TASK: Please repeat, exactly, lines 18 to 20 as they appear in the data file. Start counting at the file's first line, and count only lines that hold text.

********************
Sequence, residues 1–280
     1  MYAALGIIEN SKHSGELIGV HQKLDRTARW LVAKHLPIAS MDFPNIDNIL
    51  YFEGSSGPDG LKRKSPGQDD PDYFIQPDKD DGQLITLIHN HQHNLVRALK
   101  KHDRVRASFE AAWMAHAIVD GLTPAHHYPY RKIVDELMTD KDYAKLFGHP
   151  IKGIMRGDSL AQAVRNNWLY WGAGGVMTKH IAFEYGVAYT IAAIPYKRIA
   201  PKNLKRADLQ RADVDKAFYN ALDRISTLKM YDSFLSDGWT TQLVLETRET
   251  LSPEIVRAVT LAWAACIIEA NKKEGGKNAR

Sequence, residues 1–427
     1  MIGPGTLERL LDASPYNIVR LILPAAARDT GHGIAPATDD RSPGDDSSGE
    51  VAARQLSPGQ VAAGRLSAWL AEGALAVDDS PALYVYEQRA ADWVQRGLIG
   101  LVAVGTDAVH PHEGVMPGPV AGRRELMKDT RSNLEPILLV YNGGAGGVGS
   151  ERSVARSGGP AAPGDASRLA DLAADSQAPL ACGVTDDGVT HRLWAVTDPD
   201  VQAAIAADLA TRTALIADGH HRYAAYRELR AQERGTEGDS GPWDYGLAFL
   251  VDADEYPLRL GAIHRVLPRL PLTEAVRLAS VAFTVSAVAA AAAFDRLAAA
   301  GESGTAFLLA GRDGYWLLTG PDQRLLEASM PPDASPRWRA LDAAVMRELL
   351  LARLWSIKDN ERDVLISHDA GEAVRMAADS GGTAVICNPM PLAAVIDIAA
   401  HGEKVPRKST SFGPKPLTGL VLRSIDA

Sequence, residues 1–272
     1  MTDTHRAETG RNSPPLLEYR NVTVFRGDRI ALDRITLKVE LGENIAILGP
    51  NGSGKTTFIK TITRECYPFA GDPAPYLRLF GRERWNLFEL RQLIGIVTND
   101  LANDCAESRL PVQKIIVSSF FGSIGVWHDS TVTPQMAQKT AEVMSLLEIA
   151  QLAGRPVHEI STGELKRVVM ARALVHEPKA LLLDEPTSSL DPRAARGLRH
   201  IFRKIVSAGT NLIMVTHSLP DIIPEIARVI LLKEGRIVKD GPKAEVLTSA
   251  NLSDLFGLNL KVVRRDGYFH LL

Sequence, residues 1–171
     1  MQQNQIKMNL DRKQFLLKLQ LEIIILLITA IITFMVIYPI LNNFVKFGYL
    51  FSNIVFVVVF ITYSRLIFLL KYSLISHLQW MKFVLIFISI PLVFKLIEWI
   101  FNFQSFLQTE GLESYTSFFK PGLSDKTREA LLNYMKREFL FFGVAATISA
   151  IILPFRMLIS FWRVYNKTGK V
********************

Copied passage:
Sequence, residues 1–272
     1  MTDTHRAETG RNSPPLLEYR NVTVFRGDRI ALDRITLKVE LGENIAILGP
    51  NGSGKTTFIK TITRECYPFA GDPAPYLRLF GRERWNLFEL RQLIGIVTND